The case attracted wide international attention, in part because it raised questions over whether Iran had violated United Nations sanctions on weapons sales.
West African governments also warned that Iran may have been seeking to send weapons to rebel groups in the region.
Federal High Court Judge Okechukwu Okeke pronounced the two “guilty as charged” on four of five criminal counts, with the sentences for each count to be served concurrently.
While the crimes in question carried a potential life sentence, the judge said he was swayed by a plea for leniency from the defence and by the conduct of the pair while in detention.
“In sentencing the accused I have taken into consideration the plea for mercy by the defence team, but the law has to take its course,” Okeke said.
The sentence will be counted retroactively from February 2011, when their trial began, meaning the men will walk free in under three years.
Jiti Ogunye, a Lagos-based lawyer and commentator who followed the case, told AFP he was “shocked” by the light jail terms, especially by the decision to have the sentences served concurrently.
“Given how the case was going and the avalanche of evidence…everybody was expecting a conviction with a heavy sentence,” Ogunye said.
“It shows there is something very, very wrong with our criminal justice system,” he continued.
“When a verdict in any case falls short of the expected outcome, there are bound to be worries…that something improper might have happened,” he said.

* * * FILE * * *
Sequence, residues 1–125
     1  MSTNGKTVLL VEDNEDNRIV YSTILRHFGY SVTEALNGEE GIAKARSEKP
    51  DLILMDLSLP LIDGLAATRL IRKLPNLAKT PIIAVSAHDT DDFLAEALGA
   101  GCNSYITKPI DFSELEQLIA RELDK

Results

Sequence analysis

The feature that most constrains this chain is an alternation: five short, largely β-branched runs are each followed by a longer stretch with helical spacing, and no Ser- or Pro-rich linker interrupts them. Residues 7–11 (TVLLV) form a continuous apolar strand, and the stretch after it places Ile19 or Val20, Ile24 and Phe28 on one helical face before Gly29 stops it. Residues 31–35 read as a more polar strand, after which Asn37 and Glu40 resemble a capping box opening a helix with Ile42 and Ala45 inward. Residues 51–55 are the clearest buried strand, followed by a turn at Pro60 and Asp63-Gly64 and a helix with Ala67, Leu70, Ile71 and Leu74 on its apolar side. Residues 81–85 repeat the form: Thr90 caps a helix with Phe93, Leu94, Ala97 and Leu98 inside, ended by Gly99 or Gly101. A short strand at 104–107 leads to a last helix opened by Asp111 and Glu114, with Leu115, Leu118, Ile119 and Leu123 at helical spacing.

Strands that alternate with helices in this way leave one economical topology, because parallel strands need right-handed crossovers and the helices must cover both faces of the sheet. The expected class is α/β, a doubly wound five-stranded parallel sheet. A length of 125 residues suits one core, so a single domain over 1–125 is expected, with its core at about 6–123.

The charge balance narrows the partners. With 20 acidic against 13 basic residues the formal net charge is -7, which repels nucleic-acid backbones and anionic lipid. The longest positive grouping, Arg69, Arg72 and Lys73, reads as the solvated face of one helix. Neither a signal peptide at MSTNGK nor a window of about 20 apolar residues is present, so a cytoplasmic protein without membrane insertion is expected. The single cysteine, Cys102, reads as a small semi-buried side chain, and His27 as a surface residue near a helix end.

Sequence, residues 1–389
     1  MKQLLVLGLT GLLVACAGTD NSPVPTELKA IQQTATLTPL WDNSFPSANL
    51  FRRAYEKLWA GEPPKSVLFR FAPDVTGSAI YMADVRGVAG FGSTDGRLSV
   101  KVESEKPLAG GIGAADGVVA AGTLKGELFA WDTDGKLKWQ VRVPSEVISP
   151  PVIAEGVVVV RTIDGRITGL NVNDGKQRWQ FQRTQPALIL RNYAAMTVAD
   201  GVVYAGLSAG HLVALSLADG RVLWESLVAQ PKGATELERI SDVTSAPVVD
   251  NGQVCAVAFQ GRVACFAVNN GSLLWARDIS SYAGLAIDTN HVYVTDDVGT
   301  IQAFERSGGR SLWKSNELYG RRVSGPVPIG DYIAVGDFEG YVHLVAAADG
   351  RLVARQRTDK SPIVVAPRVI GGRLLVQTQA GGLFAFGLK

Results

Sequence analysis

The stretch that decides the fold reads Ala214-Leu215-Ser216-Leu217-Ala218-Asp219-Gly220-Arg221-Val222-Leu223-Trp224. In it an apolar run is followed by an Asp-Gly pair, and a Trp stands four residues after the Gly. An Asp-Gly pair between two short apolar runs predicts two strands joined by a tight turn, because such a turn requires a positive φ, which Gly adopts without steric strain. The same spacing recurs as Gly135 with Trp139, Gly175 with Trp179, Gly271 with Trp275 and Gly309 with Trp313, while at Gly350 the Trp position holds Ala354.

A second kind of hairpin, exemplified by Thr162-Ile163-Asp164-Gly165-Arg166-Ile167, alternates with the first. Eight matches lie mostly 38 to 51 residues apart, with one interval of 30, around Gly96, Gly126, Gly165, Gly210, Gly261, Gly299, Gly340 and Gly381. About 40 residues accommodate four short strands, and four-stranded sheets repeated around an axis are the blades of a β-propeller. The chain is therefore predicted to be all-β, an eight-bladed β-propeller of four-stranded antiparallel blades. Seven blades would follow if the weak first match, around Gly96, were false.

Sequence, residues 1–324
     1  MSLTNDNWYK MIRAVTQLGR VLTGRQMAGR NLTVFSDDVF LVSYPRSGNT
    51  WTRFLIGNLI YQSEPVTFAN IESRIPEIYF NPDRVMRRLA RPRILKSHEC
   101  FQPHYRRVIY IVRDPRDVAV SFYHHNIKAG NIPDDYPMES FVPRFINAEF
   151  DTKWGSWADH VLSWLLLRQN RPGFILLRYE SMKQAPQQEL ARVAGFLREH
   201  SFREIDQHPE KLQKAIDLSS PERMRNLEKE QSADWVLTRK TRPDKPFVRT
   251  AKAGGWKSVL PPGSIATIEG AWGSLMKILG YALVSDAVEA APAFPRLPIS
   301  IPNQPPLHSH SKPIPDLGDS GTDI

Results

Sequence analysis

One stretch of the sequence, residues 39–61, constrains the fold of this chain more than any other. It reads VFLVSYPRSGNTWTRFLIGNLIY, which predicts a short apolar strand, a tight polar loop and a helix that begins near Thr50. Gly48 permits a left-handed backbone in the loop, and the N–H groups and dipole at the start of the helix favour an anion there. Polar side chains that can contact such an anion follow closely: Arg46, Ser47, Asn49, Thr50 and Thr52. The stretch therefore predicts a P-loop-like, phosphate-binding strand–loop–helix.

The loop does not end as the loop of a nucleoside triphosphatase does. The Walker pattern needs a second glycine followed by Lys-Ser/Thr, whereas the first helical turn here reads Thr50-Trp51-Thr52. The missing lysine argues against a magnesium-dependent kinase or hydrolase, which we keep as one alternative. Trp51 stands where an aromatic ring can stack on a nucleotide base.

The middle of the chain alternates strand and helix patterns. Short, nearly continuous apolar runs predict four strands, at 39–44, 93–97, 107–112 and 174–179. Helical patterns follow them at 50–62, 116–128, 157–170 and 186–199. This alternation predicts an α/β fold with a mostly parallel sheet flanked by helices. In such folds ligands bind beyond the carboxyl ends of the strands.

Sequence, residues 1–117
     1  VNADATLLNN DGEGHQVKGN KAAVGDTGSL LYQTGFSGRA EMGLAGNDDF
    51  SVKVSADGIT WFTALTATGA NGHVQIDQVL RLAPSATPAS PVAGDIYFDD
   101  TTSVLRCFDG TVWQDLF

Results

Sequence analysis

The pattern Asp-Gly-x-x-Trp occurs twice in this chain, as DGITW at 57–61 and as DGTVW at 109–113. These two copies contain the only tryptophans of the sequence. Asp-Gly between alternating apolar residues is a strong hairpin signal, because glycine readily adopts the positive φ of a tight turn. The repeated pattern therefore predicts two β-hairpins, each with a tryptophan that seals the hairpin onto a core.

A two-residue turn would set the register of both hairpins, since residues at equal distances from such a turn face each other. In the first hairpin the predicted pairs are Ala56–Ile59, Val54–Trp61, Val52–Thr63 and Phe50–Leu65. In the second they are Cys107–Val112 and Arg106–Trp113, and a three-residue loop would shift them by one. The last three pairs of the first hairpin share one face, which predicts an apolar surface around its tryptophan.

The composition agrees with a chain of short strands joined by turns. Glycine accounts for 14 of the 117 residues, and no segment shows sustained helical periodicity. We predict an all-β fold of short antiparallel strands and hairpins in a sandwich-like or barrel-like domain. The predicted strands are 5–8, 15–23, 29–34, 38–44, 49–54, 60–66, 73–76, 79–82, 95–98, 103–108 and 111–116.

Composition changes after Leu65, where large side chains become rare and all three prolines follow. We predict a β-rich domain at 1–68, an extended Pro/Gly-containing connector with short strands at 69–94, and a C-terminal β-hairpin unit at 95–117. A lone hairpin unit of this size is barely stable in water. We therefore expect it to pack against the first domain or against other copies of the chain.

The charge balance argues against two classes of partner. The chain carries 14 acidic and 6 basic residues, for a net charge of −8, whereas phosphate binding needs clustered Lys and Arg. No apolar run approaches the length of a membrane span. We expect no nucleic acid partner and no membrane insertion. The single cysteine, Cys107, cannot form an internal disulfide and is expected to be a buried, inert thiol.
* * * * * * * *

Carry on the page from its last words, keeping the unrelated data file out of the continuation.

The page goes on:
He explained that Nigeria’s judiciary has long been plagued by systemic problems, including corruption and political pressures heavily influencing verdicts, but he could not comment directly on the Iranian case before reviewing the decision.
Aghajani has denied having links with Iran’s powerful Revolutionary Guard, insisting he was a private businessman conducting a legitimate transaction.
The defence argued that the weapons were just passing through Nigeria and were ultimately headed to the tiny nation of Gambia as part of a legal sale.
Gambia denied it was the intended recipient and cut diplomatic ties with Iran over the dispute.
The case also sparked a stern response from Senegal, which accused Iran of trying to deliver weapons to separatist rebels in its southern Casamance region.
The United Nations added Aghajani to a blacklist last year, labelling him a Revolutionary Guard member tied to “Iranian support for terrorism and extremism worldwide”.
The United States has also put Aghajani on its national sanctions list.
Addressing the court before his sentence was read out, the Iranian described his time in Nigerian jails as “agony”.
“It has been a very sad experience for me for three years,” he said.
Judge Okeke denied a request by Aghajani’s lawyer for the sentence to be served in Iran.
Jega claimed he was told the cargo contained construction materials and said he was hired by the Iranian as a middle-man to help clear the shipment through the Nigerian port.
“I did not know what was there were arms. If I had known I would not have waited to be arrested by the police,” he said on Monday before sentencing. “I ask for leniency.”
The arms, which include heavy weaponry, are to be given to the Nigerian government, the court ruled.